Some people won’t understand pet loss. But there are lots of wonderful people who do.
You may find it easier to be around friends who are supportive and avoid those who don’t for a little while.
There are also lots of organisations who have local support groups as well as pet bereavement counsellors and end of life doulas.
Pet Loss Support
Pet Bereavement Guide Step 4 – support if you need it. You may simply want to be left alone for a day to deal with your emotions by yourself. You may want to have 1:1 counselling with a pet bereavement counsellor. Or you may need something in-between. There isn’t a ‘right’ way or a ‘wrong’ way to cope with the loss of your pet. Just your way. And this may feel different every day or may start big at the beginning and dwindle to something manageable in a couple of days or months.
Here are just a few ideas of organisations and individuals that can provide you with the help you might need whilst dealing with the loss of you pet.
PDSA – People’s Dispensary for Sick Animals
Maria Dickin set up the PDSA in 1917 to provide care for the sick and injured animals of people who couldn’t cover the cost of vet bills. She opened her first clinic in Whitechapel during World War I to help EastEnders living in poverty the chance to receive welfare for their animals. Maria also created the Dickin Medal to recognise the outstanding acts of bravery of services animals, it has become known as the animal Victoria Cross. You can see a list of the amazing recipients here. The PDSA created the Gold Medal in 2002 to reward acts of bravery and duty and is known as the equivalent of the George Cross, and you can see the list of courageous animals here.
The PDSA is the largest private employer of verts in the UK, I was surprised by this too! And provides much needed animal welfare and end of life support for people who cannot cover their vet’s bills in veterinary surgery. They also have a really helpful advice page about judging the quality of your pet’s life, you can find out more by clicking this link.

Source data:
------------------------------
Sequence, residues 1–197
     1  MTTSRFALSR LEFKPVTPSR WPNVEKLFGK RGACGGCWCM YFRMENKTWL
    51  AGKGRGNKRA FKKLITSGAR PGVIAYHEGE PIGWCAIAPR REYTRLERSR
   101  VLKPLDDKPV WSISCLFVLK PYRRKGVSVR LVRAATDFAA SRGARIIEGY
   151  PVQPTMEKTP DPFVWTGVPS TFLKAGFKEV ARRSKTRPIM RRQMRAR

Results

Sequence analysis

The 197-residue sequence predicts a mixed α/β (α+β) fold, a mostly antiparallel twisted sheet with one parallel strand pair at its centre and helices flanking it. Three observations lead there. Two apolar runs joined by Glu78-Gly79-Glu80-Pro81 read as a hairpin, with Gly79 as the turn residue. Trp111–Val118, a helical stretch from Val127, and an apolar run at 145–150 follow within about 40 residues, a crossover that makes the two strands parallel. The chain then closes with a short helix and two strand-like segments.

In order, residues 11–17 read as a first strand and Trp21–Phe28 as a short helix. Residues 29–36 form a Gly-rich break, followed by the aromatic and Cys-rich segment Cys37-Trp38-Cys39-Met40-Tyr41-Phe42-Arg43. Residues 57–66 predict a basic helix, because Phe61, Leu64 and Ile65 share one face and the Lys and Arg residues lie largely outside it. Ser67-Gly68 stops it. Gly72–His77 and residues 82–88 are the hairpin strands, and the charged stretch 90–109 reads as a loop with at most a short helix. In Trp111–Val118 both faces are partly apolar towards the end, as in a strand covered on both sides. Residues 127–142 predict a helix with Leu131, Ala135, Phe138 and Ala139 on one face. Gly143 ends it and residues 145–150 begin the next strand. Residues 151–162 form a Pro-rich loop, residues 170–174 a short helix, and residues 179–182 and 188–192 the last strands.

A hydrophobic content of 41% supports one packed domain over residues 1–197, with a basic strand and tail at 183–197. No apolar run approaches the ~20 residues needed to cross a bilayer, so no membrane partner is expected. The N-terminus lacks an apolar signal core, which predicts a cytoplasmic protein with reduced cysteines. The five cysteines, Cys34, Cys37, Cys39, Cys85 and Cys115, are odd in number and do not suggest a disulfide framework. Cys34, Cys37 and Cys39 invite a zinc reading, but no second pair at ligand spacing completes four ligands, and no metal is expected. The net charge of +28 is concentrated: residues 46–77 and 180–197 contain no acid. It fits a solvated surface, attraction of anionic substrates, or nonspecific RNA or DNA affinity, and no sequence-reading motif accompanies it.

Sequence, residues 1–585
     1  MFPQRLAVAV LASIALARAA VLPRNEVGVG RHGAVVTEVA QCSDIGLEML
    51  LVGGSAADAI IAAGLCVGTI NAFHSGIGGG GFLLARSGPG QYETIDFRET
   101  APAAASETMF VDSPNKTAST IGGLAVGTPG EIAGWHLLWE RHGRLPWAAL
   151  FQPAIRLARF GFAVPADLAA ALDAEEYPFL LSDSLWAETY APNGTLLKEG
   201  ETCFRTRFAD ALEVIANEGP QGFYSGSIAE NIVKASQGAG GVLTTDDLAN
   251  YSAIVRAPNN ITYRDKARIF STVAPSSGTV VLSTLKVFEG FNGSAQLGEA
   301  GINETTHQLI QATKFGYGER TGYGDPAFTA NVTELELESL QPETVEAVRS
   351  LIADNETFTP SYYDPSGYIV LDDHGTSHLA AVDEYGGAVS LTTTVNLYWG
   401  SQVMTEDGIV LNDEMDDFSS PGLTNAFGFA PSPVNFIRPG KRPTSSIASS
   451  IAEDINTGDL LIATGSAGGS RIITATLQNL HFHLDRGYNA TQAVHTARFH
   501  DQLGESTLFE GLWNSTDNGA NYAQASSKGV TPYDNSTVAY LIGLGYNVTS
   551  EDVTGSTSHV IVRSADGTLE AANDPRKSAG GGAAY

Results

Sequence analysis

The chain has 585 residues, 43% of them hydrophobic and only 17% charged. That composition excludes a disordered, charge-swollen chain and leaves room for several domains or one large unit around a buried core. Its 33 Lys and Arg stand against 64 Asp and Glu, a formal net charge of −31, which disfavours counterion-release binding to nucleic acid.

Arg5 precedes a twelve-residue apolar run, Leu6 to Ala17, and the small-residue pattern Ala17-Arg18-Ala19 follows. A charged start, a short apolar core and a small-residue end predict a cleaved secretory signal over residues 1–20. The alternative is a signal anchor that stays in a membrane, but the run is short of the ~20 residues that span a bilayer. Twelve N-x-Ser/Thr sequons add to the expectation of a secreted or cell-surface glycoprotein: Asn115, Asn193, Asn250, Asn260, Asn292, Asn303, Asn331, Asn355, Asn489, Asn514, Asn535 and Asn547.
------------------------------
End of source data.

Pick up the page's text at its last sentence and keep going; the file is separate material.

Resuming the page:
They set up the PDSA National Collection of Pet Memories and the number in the UK is 0800 591248, you will be passed to a member of their pet legacy team who can help talk you through a range of options for pet loss.
Blue Cross Pet Bereavement Support
The Blue Cross started out on the streets of London in 1897, it was originally named ‘Our Dumb Friends League’. This wonderful group of animal lovers goal was to encourage more kindness towards the horses that were such a vital part of everyday life in the capital. They set up horse ambulances to transport injured animals to hospital and started issuing horse sun hats to keep these hard-working animals cool in the hot summer months. They also set up the first Animal Hospital which was the first one in the world.
They set up their pet bereavement service in 1994 with a dedicated phone line for people who had lost their pet. These were the first people I called when I lost April. It was useful to speak to someone who could let me talk about what had happened and how I felt. This service has now been extended to a live chat service as well as their private Facebook group.